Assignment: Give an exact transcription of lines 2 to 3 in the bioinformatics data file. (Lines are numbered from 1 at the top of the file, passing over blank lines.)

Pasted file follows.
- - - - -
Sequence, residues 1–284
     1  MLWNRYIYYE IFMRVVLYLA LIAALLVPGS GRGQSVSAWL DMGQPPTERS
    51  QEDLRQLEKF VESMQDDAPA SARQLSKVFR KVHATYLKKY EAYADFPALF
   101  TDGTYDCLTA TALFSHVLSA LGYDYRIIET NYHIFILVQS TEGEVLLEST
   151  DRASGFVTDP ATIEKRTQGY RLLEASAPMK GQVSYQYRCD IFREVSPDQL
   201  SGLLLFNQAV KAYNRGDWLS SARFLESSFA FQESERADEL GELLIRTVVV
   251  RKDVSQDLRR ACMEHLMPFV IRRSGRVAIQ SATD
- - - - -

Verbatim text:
     1  MLWNRYIYYE IFMRVVLYLA LIAALLVPGS GRGQSVSAWL DMGQPPTERS
    51  QEDLRQLEKF VESMQDDAPA SARQLSKVFR KVHATYLKKY EAYADFPALF